Pursuit of Perfect : How to Stop Chasing and Start Living a Richer, Happier Life Paperback
Part of the UK Professional General Reference series
Do you want your life to be perfect? We're all laboring under our own and society's expectations to be perfect in every way - to look younger, to make more money, to be happy all the time.
But according to Tal Ben-Shahar, the "New York Times" bestselling author of "Happier", the pursuit of perfect may actually be the number-one internal obstacle to finding happiness. Or do you want to be happy? Applying cutting-edge research in the field of positive psychology - the scientific principles taught in his wildly popular course at Harvard University - Ben-Shahar takes us off the impossible pursuit of perfection and directs us to the way to happiness, richness, and true fulfillment.
He shows us the freedom derived from not trying to do it all right all the time and the real lessons that failure and painful emotions can teach us.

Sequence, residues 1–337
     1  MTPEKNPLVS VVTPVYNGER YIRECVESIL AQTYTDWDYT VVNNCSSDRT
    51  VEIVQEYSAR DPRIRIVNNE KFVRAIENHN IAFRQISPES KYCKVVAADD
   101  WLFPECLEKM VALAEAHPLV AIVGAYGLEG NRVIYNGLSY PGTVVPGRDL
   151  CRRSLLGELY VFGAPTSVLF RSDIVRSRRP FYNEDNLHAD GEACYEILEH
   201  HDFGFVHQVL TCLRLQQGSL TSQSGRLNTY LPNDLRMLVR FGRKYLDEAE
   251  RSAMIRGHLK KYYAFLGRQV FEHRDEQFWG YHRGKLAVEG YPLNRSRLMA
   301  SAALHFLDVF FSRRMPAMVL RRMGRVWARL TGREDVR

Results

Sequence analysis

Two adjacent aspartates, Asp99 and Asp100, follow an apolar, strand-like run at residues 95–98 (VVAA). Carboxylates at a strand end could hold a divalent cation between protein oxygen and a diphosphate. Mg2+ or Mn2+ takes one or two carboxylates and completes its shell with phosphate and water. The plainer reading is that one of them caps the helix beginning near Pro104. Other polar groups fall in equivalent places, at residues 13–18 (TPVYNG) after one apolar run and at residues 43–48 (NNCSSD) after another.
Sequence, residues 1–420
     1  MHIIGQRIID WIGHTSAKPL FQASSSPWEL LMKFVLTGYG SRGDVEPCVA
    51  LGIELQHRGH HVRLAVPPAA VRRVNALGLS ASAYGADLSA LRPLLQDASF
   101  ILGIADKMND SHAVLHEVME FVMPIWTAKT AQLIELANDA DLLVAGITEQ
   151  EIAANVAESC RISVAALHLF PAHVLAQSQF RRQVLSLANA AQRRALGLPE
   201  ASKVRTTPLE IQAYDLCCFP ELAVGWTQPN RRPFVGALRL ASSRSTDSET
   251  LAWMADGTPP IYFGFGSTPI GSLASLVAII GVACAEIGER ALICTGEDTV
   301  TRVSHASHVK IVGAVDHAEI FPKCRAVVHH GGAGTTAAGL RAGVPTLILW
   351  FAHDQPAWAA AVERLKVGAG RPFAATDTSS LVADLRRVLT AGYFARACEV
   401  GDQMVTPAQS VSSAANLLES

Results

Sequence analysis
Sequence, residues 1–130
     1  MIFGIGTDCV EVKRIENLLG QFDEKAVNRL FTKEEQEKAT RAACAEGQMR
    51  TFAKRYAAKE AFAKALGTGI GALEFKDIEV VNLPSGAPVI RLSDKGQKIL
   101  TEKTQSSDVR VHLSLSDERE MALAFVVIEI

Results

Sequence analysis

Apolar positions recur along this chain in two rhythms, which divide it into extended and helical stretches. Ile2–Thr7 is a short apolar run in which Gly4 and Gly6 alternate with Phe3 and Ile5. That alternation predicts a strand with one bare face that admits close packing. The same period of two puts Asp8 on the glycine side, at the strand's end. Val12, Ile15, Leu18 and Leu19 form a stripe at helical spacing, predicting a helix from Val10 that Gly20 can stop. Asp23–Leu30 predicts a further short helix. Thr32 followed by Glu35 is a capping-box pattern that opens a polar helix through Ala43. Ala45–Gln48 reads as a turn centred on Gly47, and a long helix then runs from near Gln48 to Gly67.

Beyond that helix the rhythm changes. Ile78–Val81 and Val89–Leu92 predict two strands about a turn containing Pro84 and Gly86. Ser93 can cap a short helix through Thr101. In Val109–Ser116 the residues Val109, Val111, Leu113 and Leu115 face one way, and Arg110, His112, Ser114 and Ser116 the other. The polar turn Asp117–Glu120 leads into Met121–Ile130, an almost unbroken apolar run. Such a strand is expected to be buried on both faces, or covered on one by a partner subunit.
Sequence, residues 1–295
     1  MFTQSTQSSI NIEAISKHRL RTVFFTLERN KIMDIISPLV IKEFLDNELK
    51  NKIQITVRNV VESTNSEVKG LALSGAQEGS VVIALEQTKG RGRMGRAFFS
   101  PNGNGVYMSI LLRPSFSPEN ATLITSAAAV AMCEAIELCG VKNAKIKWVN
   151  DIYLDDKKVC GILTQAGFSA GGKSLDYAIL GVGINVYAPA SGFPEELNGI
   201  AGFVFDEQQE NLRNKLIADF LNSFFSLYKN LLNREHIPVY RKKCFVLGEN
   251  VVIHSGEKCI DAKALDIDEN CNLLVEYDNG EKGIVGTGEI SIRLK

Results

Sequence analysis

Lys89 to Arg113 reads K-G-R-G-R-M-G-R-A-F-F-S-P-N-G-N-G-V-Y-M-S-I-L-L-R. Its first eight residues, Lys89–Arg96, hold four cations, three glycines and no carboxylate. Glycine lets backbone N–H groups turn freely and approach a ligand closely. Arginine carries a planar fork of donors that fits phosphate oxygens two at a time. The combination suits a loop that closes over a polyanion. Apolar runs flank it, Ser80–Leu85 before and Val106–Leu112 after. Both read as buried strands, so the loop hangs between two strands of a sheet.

You don't have to be perfect to be perfectly happy! In "The Pursuit of Perfect", Tal Ben-Shahar offers an optimal way of thinking about failure and success - and the very way we live.
He provides exercises for self reflection, meditations, and 'Time-Ins' to help you rediscover what you really want out of life.
- Format: Paperback
- Pages: 284 pages
- Publisher: McGraw-Hill Education - Europe
- Publication Date: 01/05/2009
- Category: Self-help & personal development
- ISBN: 9780071629034
- Hardback from £14.45
- EPUB from £20.16
- CD-Audio from £14.65
Showing 1 - 1 of 1 reviews.
Review by presto
While the advice contained in this book is helpful, I have to ask myself did I need to read so much of this to get the message? The answer quite simply is "no". Having make the point that striving for perfection essentially leads only to low self esteem when we inevitably fail, there is not really a lot more that can be said, yet Ben-Sharah manages to take over 250 pages proving it.Yes, it contains proof, and exercises to help the afflicted, but it all come down to that first simple statement. But I very soon became impatient with what I was reading, not to mention extremely irritated at the constant interchange between "he" and "she" in the examples; pointless political correctness that simple gets in the way.I don't think I really needed to plough through all that tautologous writing to get the point. I could go on, but then the same accusation could be levelled at me!